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Hip Flexor Pain - Patterns, Symptoms, And Treatment

Hip flexor pain is a quiet epidemic. Centuries ago, the invention of chairs waged war on the hip flexor muscles, sentencing the poor hip muscles to an eternity of tightness, tension, and pain. Read on to learn what is causing your hip flexor pain, where hip flexor pain is felt, and most importantly what to do to fix it.

Hip Flexor Pain Relief


Hip Flexor Pain Anatomy

9 out of 10 times, pain in the hip flexor muscles is brought on by sitting in chairs. The reason sitting causes hip flexor pain is sitting chronically shortens, weakens, and strains the hip flexor muscles (specifically Iliacus, Psoas, and TFL).

The human body evolved to jog, bend, squat, and lift - not sit hunched over in a chair 10 hours a day. This new 10-hour-per-day-plus sitting lifestyle is very new to the human experience, and it causes some gnarly tension in the body - particularly in the hip flexors - hence the manifestation of hip flexor pain.


Where Is Hip Flexor Pain Felt?

What Hip Flexor Pain Feels Like: Hip flexor pain can be boiled down to shortness and tension developed by two particular muscle groups: the Tensor Fasciae Latae (TFL) and the Iliopsoas (Iliacus + Psoas). Each muscle is anatomically a hip flexor, meaning it functions in swinging the leg forward and bringing the knee closer to the chest. To feel these muscles contract - stand on one leg and bring the other leg to the chest in a marching motion.


Where Hip Flexor Pain Is Felt: The TFL and Iliopsoas hip flexor muscle groups cause pain in different locations. The hip flexor pain caused by Iliopsoas (top image below) is characteristic of the general sitting-induced lower back and hip pain. On the other hand, the hip flexor pain caused by TFL (bottom image below) is more commonly described as outer hip pain, runner's knee, or IT Band pain

Images Of The 2 Hip Flexor Pain Patterns:

iliopsoas hip flexor pain

Iliopsoas Hip Flexor Pain Pattern [1]

TFL Hip Flexor Pain Pattern

TFL Hip Flexor Pain Pattern [1]

Other Hip Flexor Pain Symptoms:

Hip flexor pain symptoms are not just limited to the pain patterns above. Other common hip flexor pain symptoms may include:


Hip Flexor Pain Treatment

Hip flexor pain treatment is a two-step process: 1) deep tissue massage, and 2) stretching techniques. These two steps done correctly will open up your hips and potentially relieve years of hip flexor pain.

Hip Flexor Pain Treatment Step 1: Deep Tissue Massage

The first step to hip flexor pain relief is physically massaging all of the constant tension and tightness out of the hip flexor muscles. This can be done by the hands of a trained physical or massage therapist, or at home with a nifty deep tissue release tool like QL Claw. I use QL Claw for hip flexor release due to convenience - sometimes you need a deep tissue release right then and there, and don't have time to schedule an appointment. QL Claw can effectively massage all hip flexor muscles for pain relief - check out the hip flexor release page for more info.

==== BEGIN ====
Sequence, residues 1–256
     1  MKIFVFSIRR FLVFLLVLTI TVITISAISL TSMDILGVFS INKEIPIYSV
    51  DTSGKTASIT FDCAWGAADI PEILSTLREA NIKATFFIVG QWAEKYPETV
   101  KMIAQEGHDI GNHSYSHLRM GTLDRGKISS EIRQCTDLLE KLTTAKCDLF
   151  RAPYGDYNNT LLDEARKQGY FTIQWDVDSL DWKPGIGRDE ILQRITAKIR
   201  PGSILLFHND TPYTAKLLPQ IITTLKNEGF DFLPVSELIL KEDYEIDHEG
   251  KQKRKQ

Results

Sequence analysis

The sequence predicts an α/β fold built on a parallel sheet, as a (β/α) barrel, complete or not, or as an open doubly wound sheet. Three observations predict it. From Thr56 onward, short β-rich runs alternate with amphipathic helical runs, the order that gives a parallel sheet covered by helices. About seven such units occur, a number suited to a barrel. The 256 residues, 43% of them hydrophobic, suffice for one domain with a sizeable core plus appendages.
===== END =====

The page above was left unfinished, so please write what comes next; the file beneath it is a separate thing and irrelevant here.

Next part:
Hip Flexor Pain Treatment Step 2: Stretching Exercises

After the knots, trigger points, and tension are ironed out of the hip flexor muscles with massage, effective stretching can leap you forward in your hip flexor pain relief. There are tons of ways to stretch the hip flexors, but make sure to stick to these principles:

  • Stretch with both knee-straight and knee-flexed orientation
  • Use the flossing technique
  • Perform stretches for :45 to 1:30 on each side

If the bullets above are confusing watch the video below for two quick hip flexor stretches that illustrate the points:



Iliopsoas Hip Flexor Pain Causes

Iliacus and Psoas muscle pain is no accident. Unfortunately, hip flexor pain is incredibly rampant in today's sedentary age and most people have absolutely no idea.

The main hip flexor pain mechanism is excess sitting. When sitting in chairs, the Psoas and Iliacus muscles shorten drastically. Sitting in this position for 8, 10, 12 hours a day puts a ton of strain on the hip flexor muscles, pelvis, and lower back. The majority of society does this day in, day out - creating an insane amount of tightness and pain that appears "non-specific" or "random" or "just part of getting old". Without attention paid to hip flexor pain and tightness, it is very easy to fall into this unfortunate pain pattern.

Another hip flexor pain trigger is performing a high-impact movement that the body is not conditioned to handle. For the hip flexor muscles, which function in lifting the knee to the chest, this can look like breaking into a sprint for the first time in years, hiking up a steep incline, walking up a lot of stairs, or doing any other activity straining the hip flexor muscles. This is typically a quicker trigger of pain than the sitting mechanism - you will likely know immediately whether or not you messed up.


Thank you for reading, check out the links below for more things hip pain relief!

Now that you've read about hip flexor pain, read more about lateral hip pain!


[1] Donnelly, Joseph M. Travell, Simons & Simons Myofascial Pain and Dysfunction: the Trigger Point Manual. 3rd ed., Wolters Kluwer Health, 2019.

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